Kurt Alder – Biography
was born in Königshütte, Upper Silesia, on the 10th of July 1902.
His childhood and school years were spent in these industrial
surroundings, but after the end of the First World War he was forced
to leave his home, due to political circumstances.
reading chemistry at Berlin University in 1922, and later continued
these studies at Kiel, where he obtained his degree of Ph.D. in
1926. The thesis for the doctorate, on which Alder worked under O.
Diels, was entitled: Über die Ursachen der Azoester-reaktion
(On the causes of the azoester reaction).
In 1930 Alder was
appointed reader for chemistry by the Faculty of Philosophy at Kiel University;
promotion to lecturer followed in 1934. Alder left Kiel in 1936 to
take up the appointment as head of department in the science
laboratories of the I. G. Farben-Industrie, at their works in
Leverkusen, where he worked on the preparation and constitution of
synthetic rubber ("Buna"). By this work some of his earlier
interests were reawakened and stimulated.
In 1940 Alder was
appointed to the Chair for Experimental Chemistry and Chemical
Technology at Cologne University and also became Principal of
the Institute of Chemistry. He received invitations from Berlin
University in 1944 and from the University of Marburg in 1950, but declined
As early as 1927-1928, whilst at Kiel, Alder had
studied problems of systematic organic chemistry in collaboration
with his teacher O. Diels, and this lead to their joint discovery of
the principle of the diene-synthesis, which they investigated and
determined in all its aspects. At the same time Alder also worked in
collaboration with younger colleagues on extensive stereochemical
investigations, prompted by selection phenomena during organic
chemical reactions, particularly in unsaturated systems. A series of
other problems, such as the behaviour of double bonds in stressed
carbon rings and the phenomena of intermolecular rearrangements,
Although conditions in Cologne during the
1940's were not favourable for scientific research, Alder was
nevertheless able to continue his original work systematically and
even discover relationships which were decisive for future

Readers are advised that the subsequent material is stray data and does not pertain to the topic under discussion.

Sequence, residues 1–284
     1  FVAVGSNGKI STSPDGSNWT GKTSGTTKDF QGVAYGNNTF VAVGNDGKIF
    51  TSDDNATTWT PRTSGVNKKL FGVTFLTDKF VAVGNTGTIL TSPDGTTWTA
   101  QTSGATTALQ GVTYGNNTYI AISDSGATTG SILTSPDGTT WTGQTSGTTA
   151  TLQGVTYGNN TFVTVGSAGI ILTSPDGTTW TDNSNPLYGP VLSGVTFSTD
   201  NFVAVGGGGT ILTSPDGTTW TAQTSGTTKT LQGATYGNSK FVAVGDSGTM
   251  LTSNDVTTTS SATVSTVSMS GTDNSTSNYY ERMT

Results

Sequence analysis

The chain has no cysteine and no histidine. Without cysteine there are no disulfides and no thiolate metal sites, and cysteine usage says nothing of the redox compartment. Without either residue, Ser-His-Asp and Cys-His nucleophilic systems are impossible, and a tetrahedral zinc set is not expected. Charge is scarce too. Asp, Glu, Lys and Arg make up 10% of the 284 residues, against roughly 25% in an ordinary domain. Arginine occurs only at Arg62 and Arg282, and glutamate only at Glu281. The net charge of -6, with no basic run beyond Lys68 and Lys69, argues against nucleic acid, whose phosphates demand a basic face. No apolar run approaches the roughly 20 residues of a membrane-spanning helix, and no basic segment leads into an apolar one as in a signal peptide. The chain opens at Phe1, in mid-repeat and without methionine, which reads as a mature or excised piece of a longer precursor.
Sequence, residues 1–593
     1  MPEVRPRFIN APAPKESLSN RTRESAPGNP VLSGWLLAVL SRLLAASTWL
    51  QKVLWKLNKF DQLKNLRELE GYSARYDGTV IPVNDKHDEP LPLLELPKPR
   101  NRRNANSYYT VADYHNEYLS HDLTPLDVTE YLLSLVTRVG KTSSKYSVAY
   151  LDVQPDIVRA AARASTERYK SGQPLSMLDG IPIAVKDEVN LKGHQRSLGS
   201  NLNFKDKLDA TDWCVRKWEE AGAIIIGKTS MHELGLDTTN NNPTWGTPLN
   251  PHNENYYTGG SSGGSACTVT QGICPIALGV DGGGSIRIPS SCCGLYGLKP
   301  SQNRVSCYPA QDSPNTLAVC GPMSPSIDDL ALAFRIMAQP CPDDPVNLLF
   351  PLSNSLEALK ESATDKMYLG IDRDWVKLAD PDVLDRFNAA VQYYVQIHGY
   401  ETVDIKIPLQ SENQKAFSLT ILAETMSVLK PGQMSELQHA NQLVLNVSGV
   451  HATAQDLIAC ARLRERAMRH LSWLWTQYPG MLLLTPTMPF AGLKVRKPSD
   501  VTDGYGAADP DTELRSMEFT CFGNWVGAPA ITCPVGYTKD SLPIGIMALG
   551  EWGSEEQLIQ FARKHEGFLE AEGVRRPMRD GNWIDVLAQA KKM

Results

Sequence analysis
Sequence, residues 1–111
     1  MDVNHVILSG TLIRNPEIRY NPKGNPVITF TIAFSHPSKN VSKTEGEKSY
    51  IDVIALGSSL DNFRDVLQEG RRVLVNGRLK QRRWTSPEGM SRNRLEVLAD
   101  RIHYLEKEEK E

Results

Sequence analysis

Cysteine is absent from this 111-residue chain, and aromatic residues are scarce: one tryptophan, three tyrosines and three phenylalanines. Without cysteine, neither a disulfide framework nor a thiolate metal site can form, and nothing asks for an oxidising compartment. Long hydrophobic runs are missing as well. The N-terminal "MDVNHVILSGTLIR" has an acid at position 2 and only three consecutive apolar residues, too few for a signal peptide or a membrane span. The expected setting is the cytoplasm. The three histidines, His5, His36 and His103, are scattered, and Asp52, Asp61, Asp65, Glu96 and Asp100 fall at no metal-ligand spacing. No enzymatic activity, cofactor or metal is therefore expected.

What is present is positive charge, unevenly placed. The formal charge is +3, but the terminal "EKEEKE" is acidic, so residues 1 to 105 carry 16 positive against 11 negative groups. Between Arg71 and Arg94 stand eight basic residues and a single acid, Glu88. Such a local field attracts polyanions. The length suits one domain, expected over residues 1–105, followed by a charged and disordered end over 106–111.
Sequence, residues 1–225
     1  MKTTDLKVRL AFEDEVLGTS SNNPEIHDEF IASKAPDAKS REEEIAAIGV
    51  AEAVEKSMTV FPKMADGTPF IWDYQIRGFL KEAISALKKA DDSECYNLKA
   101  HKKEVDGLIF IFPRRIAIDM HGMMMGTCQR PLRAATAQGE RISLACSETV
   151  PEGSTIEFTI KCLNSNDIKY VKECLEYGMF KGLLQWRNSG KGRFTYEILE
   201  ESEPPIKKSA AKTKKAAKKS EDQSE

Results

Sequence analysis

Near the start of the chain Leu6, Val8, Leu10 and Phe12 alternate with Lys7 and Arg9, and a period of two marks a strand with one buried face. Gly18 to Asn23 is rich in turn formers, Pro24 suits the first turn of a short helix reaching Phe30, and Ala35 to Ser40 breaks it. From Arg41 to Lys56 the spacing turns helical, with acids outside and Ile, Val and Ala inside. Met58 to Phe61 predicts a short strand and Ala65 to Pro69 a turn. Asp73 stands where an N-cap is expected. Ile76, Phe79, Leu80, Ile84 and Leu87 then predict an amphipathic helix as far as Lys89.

developments. These are characterized by the transition from pure
additive processes, of which the diene-synthesis is the most
important, to processes of substitution. The purpose of these
investigations was the analysis and the elimination of the dualism
existing between addition and substitution. These studies covered a
wide field and include also the reaction of molecular oxygen on
Kurt Alder's investigations have been
described in about 150 papers, which were published mainly in
Justus Liebig's Annalen der Chemie, in the Berichte der
Deutschen Chemischen Gesellschaft and in Angewandte
In recognition of his work, Alder received the
Emil Fischer Memorial Medal from the Association of German Chemists,
in 1938. In the same year he became a member of the Kaiserlich
Leopold.-Karol.-Deutsche Akademie der Naturforscher (Imperial
Leopold.-Karol.-German Academy of Natural Philosophers) in Halle.
The Medical Faculty of the University of Cologne conferred the
honorary degree of M.D. on Alder in 1950, and in 1954 he received
the honorary doctorate of the University of Salamanca.
From Nobel Lectures, Chemistry 1942-1962,
Elsevier Publishing Company, Amsterdam, 1964
was written at the time of the award and later published in the book
Lectures. The information is sometimes updated with an
addendum submitted by the Laureate. To cite this document, always
state the source as shown above.
Kurt Alder died on June 20, 1958.